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Domaine Fourrier Gevrey-Chambertin Aux Echezeaux 2010

Pinot Noir from Burgundy, France
  • BH91
  • BH91
  • BH92
  • RP90
  • BH91
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Winemaker Notes

Gevrey-Chambertin Aux Echezeaux is one of Domaine Fourrier's more tender and elegant wines. It is less tannic and more silky than the other Gevrey village wines produced at the domaine.

Critical Acclaim

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BH 91
Burghound.com

A highly complex nose that is very Gevrey features cool dark berry fruit, pungent earth, underbrush and a hint of the sauvage. There is an attractively textured quality to the velvety and suave medium-bodied flavors that possess all of the depth promised by the nose on the intense, balanced and impressively long finish. This is an excellent villages that is worth considering.
Barrel Sample: 89-91

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Domaine Fourrier

Domaine Fourrier

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Domaine Fourrier, , France - Other regions
Domaine Fourrier
The Domaine Fourrier (previously known as Pernot-Fourrier) has a long history in Gevrey Chambertin extending over four generations. The estate was founded by Fernand Pernot during the 1930s and 1940s. Unmarried and childless, he enlisted the aid of his nephew, Jean-Claude Fourrier, who then took the reins of the domaine in 1969. One of the first domains to actually export its wine to the USA, it is also one of the most well-endowed estates in the village with holdings throughout the most heralded appellations. Having weathered a period of eclipse through the latter part of the 1980s, the domain was re-energized in 1994 upon the arrival of Jean-Marie Fourrier, son of Jean-Claude. Jean-Marie burst on the Burgundian scene by wisely combining the traditions of his father and uncle (using, for example, vines of a minimum 30 years of age for the estate bottlings), his experience gained while working with Henri Jayer and the Domaine Drouhin (in Oregon), and his own clear sense of style. Ever since his ascension, the wines of Domaine Fourrier have garnered critical acclaim. He now works the domaine with the assistance of his sister, Isabelle, and his wife, Vicki.

Famous for its food-friendly, approachable wines and their storied history, Chianti is perhaps the best-known wine region of Italy. This sub-zone of Tuscany has it all—sweeping views of undulating hills, the hot Mediterranean sun, hearty cuisine, and a rich artistic heritage. Historically packaged in short, round, straw-covered bottles known as “fiaschi” and containing insipid red liquid, Chianti today is typically not your Italian grandfather’s pizza wine. The heart of the Chianti zone is known as Chianti Classico, as the region has expanded its boundaries over time to capitalize on the wine’s fame, thus diluting its reputation. Within Chianti there are seven other subzones with unique characteristics, including Colli Senesi, Colli Fiorentini, and Chianti Rufina.

Chianti wines are made primarily of Sangiovese, with other varieties comprising up to 20% of the blend. Generally, local varieties are used, including Canaiolo, Mammolo, and Marzemino, but international varieties such as Cabernet Sauvignon, Merlot, and Syrah have also been approved in more recent years. Basic, inexpensive Chianti is simple and fruit-forward and makes a great companion to any casual dinner involving red sauce. At its apex, it is savory and rustic with high acidity, firm tannins, and notes of tart red fruit, dried herbs, fennel, salami, balsamic vinegar, and smoky tobacco. Chianti Riserva, typically the top bottling of a producer, can benefit handsomely from a decade or two of cellaring.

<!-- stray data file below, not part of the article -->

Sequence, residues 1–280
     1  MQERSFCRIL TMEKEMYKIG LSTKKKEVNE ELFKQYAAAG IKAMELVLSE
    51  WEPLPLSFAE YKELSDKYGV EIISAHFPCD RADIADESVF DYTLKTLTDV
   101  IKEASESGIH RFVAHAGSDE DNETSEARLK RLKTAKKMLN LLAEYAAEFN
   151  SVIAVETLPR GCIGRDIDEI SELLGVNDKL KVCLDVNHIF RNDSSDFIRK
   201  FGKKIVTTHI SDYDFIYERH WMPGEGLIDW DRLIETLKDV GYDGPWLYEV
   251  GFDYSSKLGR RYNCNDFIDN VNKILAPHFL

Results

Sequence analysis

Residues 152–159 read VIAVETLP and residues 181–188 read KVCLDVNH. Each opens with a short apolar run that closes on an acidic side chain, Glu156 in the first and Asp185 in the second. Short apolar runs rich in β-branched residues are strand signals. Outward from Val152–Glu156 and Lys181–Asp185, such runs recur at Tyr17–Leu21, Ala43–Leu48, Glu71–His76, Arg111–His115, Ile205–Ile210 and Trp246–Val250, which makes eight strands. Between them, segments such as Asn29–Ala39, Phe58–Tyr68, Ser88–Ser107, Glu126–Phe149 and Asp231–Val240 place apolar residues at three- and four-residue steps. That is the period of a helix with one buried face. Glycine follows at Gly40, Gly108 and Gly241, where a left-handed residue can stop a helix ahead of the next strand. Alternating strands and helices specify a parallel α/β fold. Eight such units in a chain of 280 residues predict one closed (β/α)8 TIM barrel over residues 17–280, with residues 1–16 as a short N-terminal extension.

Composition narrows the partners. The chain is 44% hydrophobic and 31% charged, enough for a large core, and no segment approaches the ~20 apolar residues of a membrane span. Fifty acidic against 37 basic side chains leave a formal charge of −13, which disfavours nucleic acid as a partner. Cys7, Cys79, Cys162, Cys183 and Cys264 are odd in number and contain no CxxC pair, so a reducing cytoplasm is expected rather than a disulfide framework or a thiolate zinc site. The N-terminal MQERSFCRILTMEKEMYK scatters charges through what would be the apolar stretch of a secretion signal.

Sangiovese

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The perfect intersection of bright fruit and savory earthiness, Sangiovese is the backbone variety in Tuscany. While it is best known as the chief component of Chianti, it reaches the height of its power and intensity in the complex, long-lived Brunello di Montalcino. Elsewhere throughout Italy, it can make inexpensive wines for daily consumption ranging from inoffensive to deliciously easy. On the French island of Corsica, under the name Nielluccio, it produces excellent bright and refreshing red and rosé wines with a personality of their own. Sangiovese has also enjoyed moderate popularity in California and Washington State over the last few decades.

In the Glass

Sangiovese is a medium-bodied red with savory flavors of tart cherry, plum, tomato, fresh tobacco, anise, thyme, oregano, and dried earth. High-quality, well-aged examples will take on notes of smoke, clay pot, leather, gamey meat, potpourri, and dried fruits. Corsican Nielluccio is distinguished by a subtle perfume of dried flowers.

Perfect Pairings

Sangiovese is the ultimate pizza and pasta red—its high acidity, moderate alcohol, and grainy tannins create an affinity with tomato-based dishes, spicy meats, and anything off the barbecue.

Sommelier Secret

Although it is the star variety of Tuscany, cult-classic “Super-Tuscan” wines may contain no Sangiovese at all! Since the 1970s, local winemakers have been producing big, bold wines (with price tags to match) that are typically monovarietal or a blend of one or more of several international varieties—usually Cabernet Sauvignon, Cabernet Franc, Merlot, or Syrah—with or without Sangiovese.

TEFFUGE101_2010 Item# 123014

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